- January 27, 2022
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- Zero Trust
On May 11, 2016, President Obama signed into law a new private cause of action for civil litigation under the Economic Espionage Act of 1996 known as the “Defend Trade Secrets Act of 2016” (“DTSA”). Previously, trade secrets were protected under individual State law1. The new law now opens up federal courts to plaintiffs to litigate trade secret claims and obtain injunctions, prevent disclosure and seek economic damages for trade secret violations similar to those available for other intellectual property such as patents and copyrights. Trade secrets involve varied types of legally protected information including computer software and customer lists. One unique feature of the new law involves an ex parte “seizure” provision that allows trade secret owners to actually petition the court in advance of a lawsuit without notice to the alleged offender to obtain a federal order to seize servers and other tangible property involved in the alleged illegal activity. Economic damages under the DTSA are meant to serve as a deterrent with severe punitive features including double damages available to successful litigants.
Proponents of the new law cite a need for uniformity in rules, trade secret definition and status and more tools to fight trade secret theft by employees, hackers and competing companies. The Obama Administration unveiled a strategy to combat the growing threat of economic espionage and suggested additional legislative proposals such as DTSA so private industry can fight back given limited federal enforcement2. The threats facing companies who developed proprietary trade secrets are not limited to high profile cyber espionage attacks by foreign governments3. Cyber security firm Symantec reports that 50% of employees answering the survey admit to taking their former employer’s trade secrets and more importantly, 40% of these employees plan to use it in their new jobs4.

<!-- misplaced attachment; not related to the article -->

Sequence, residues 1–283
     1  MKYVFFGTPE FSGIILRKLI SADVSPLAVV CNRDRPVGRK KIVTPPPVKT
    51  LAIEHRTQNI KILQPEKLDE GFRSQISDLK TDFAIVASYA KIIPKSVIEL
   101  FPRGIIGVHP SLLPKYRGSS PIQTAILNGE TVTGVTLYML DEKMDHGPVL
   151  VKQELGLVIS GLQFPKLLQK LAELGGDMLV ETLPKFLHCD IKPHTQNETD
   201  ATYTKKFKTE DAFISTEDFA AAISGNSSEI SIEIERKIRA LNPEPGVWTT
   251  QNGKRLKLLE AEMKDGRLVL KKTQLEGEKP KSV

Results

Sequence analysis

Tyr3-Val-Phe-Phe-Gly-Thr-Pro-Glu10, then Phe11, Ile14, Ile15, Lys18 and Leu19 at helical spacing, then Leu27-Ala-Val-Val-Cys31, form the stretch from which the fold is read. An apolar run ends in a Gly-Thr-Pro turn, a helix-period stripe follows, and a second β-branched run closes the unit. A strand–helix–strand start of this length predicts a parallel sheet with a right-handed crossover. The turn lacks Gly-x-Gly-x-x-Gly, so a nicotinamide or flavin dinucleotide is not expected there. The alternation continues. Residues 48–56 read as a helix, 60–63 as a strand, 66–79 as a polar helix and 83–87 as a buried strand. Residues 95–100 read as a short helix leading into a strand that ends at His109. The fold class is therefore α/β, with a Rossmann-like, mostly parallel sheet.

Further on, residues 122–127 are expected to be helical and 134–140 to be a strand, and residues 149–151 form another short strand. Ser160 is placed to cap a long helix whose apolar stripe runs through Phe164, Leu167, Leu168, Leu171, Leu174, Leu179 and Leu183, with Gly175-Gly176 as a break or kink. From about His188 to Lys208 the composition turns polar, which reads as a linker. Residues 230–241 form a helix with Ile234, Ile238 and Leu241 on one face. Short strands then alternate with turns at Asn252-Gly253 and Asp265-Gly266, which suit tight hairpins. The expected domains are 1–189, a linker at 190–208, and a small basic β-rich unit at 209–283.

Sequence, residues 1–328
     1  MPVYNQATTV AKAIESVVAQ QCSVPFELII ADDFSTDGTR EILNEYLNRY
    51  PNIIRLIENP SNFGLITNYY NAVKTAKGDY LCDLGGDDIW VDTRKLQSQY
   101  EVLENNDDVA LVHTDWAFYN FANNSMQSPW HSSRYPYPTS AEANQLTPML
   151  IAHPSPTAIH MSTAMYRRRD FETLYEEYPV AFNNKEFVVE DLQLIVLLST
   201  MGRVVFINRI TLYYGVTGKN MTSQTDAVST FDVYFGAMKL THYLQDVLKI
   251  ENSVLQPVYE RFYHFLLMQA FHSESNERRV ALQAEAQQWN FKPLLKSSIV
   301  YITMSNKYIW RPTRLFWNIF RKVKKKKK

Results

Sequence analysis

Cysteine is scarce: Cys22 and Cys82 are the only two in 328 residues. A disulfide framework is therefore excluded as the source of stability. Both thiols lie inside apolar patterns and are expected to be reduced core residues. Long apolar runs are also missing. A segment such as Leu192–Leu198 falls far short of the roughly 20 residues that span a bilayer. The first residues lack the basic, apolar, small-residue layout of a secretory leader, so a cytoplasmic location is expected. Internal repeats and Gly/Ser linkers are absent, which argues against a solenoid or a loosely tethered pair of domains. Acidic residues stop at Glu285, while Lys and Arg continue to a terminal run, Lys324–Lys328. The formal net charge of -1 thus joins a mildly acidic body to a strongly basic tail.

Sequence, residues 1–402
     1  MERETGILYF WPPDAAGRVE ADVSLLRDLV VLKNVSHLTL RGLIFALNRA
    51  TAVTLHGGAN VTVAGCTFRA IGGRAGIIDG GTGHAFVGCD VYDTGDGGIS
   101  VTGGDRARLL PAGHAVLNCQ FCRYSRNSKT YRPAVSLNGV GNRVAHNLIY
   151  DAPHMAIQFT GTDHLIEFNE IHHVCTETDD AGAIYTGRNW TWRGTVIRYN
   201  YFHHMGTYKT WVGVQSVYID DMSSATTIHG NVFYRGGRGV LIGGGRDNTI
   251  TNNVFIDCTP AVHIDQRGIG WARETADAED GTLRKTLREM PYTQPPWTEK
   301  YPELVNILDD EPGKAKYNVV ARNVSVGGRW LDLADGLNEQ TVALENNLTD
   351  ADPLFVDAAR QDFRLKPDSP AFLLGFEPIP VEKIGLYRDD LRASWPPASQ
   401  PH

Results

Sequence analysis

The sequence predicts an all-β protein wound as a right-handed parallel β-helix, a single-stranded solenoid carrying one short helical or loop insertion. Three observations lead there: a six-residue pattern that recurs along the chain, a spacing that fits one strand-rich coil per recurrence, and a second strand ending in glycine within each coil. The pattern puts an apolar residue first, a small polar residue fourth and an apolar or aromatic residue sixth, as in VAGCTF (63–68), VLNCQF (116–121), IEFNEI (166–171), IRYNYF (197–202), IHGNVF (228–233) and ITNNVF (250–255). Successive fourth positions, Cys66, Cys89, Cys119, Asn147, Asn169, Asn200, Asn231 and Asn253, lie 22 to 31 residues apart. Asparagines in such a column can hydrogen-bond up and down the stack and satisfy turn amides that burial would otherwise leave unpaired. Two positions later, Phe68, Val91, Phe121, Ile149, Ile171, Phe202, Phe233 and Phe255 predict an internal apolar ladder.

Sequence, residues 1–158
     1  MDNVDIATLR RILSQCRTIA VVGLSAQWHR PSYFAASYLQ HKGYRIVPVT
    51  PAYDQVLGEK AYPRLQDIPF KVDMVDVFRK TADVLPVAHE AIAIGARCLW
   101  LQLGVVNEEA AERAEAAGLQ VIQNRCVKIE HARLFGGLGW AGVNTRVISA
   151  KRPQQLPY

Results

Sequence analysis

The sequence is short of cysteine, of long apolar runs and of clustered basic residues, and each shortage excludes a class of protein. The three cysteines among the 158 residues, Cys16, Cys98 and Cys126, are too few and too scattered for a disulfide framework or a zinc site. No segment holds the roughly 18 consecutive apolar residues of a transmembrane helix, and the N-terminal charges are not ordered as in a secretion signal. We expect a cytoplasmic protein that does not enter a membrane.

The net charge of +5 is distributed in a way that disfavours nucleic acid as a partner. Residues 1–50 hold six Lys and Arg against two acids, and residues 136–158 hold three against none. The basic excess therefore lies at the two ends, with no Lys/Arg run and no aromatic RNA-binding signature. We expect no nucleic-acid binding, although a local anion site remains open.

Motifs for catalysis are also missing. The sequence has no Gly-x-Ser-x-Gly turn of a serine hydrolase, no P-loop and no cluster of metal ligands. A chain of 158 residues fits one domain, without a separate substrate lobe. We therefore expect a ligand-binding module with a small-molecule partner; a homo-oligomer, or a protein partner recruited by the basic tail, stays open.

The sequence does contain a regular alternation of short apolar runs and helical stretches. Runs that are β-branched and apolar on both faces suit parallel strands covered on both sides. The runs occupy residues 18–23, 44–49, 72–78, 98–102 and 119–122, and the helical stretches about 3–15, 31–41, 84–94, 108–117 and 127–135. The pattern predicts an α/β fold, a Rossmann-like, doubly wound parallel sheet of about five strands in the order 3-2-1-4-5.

Now, the DTSA eliminates hurdles for companies that often abandon viable claims because of skyrocketing litigation costs and hurdles arising from a patchwork of different laws based on where trade secret thieves open up their competing businesses. A federal cause of action now permits companies to file actions in federal court locally, use a standardized discovery process and operate under a consistent set of rules thereby leveling the playing field against a growing scourge of trade secret piracy.
The new DTSA law is not without its critics. According to a sizable group of IP law professors that sent a cautionary letter to Congress, the DTSA is likely to create new problems that could adversely impact innovation, hamper start-ups, increase the duration and cost of trade secret litigation, and ultimately negatively affect economic growth.
How? Read More in Part 2 of this Series coming soon.
 48 States have adopted some version of the Uniform Trade Secrets Act (USTA) with New York and Massachusetts relying on case law precedents sometimes known as “common law.”
 In 2015, there were just 25 criminal cases filed by the Department of Justice under the Economic Espionage Act’s criminal sanctions.
 See Mandiant Report dated February 2013 and whitepaper by CREAT.e.org dated May 12, 2016 detailing the exposure that global business companies face. Links-- https://create.org/news/create-org-launches-whitepaper-focused-cyber-risk-navigating-rising-tide-cybersecurity-regulation/ ; and http://intelreport.mandiant.com/Mandiant_APT1_Report.pdf
 Symantec report February 6, 2013 https://www.symantec.com/about/newsroom/press-releases/2013/symantec_0206_01;
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James M. McCarthy graduated from Christian Brothers Academy in 1982; Rutgers College, Rutgers University in 1986; and Western New England College School of Law in 1989. Mr. McCarthy was admitted to the New Jersey State Bar in 1989; the United States District Court for the District of New Jersey in 1989 and the United States Court of Appeals for the Third Circuit in 1991.